If you’re the kind of person who likes to have a good look at the fresh fish counter in your local supermarket, one would assume that you had a reasonable knowledge of fish that are available in the UK. But how often have you seen a fresh turbot resting on the ice? Or was it a brill?
Despite turbot being caught all over the UK, it is the lesser known cousin of the plaice and lemon sole. Turbot are almost completely circular in shape, with colours ranging from the muddiest brown to an almost grassy green. They have no scales, but are instead covered in many lumps and bumps, feeling rough like a stone. The turbots cousin, the brill, shares many of these traits but can be told apart by its longer body.
A wild turbot can grow to an impressive size, with championship catches weighing over 10 kilos. The largest turbot we have filleted here in the last year was 13kg. Below is a video we took of a 9.5kg turbot, this should help you gauge the size of the fish.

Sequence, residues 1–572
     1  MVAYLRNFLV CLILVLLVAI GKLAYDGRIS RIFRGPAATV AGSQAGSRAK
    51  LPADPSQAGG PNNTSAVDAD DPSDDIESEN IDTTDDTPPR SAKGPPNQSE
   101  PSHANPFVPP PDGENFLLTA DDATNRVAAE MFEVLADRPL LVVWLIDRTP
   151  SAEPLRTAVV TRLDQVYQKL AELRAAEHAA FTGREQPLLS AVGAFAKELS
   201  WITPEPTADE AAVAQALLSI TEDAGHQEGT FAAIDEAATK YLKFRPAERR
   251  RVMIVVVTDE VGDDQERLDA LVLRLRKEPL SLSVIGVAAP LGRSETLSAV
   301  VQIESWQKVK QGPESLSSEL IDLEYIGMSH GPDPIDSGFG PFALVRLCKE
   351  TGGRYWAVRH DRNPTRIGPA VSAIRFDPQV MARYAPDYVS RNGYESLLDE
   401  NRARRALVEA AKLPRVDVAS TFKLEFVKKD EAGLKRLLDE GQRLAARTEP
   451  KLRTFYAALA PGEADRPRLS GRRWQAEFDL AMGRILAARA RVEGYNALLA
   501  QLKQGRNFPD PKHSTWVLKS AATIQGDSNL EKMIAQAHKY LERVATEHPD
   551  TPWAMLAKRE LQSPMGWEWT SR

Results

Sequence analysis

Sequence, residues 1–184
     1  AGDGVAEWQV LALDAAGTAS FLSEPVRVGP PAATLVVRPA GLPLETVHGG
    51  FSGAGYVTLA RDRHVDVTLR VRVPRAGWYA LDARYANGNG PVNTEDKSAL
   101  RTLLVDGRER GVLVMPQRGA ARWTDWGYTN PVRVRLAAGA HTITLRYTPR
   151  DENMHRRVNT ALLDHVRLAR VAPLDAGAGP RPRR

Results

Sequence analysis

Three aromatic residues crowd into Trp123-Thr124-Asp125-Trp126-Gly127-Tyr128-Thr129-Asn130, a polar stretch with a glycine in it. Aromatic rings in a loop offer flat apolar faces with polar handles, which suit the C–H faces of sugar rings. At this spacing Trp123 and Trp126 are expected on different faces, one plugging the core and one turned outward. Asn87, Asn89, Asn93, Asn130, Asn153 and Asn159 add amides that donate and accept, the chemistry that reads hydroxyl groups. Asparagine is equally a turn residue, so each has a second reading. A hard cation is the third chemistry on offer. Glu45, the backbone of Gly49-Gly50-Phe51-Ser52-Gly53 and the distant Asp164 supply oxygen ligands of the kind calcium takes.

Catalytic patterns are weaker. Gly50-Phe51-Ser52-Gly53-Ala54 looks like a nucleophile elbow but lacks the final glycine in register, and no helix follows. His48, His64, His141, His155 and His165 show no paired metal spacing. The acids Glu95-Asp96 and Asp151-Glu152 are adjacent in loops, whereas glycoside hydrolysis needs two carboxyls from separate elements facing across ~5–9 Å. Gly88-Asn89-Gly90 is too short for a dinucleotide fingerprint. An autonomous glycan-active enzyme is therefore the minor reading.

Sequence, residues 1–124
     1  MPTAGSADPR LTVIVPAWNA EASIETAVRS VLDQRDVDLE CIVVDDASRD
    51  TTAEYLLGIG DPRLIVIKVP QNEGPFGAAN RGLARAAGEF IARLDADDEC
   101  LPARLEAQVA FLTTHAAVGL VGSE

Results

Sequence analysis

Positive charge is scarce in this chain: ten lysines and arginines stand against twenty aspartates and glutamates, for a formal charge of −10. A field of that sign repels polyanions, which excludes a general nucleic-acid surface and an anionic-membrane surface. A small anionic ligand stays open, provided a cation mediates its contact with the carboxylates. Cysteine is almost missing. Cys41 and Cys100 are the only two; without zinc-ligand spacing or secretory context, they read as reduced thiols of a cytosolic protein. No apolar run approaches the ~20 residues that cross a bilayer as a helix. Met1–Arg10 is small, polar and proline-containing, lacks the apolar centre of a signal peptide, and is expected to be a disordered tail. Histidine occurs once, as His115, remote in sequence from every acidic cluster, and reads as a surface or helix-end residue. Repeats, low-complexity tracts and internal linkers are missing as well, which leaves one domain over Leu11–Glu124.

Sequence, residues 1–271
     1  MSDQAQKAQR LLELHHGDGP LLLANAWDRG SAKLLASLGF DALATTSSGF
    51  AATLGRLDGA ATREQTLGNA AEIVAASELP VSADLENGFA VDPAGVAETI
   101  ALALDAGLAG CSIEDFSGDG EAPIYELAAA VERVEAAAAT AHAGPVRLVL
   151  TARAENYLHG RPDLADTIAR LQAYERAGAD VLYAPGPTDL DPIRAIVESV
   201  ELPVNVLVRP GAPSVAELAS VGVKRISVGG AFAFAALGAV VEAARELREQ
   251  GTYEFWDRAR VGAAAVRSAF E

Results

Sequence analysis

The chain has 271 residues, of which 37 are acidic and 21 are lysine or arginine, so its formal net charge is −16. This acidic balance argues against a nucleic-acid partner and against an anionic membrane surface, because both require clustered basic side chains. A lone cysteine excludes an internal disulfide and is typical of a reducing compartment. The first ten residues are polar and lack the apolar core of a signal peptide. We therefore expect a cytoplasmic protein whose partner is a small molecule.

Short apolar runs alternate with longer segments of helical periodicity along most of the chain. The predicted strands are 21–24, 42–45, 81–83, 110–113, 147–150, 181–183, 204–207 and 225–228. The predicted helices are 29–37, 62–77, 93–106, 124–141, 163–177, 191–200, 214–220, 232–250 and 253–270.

Sometimes, we sell whole turbot on our website, ranging between 1 and 3 kilos. These fish would happily feed a family of 4.
Turbot has good flavour on its own, and requires a short cooking time. Resist the temptation to over season and tart it up with other flavourings that will mask it’s beautiful, natural flavour.
The Fish Society’s choice: Turbot with champagne sauce
If you’ve ever bought fish from The Fish Society there’s a good chance it has gone past the watchful eyes of Lorna. Lorna is one of our longest standing members of staff, being with us for a dedicated 5 years. A well-versed fish worker now, Lorna almost ended up a baker working next door! Alistair saw her potential and made sure she stuck here with us, picking, packing, and preparing wild Halibut, Kingklip, Salmon and more.
An avid cycler, Lorna always finds time to work out between shifts. You would think we kept her fit enough lifting boxes of scampi and lemon sole in the deep freeze, but she enjoys the challenge of the gym. Did we hear talk of attending this years Tough Mudder?
Thanks again Lorna from everyone here at The Fish Society.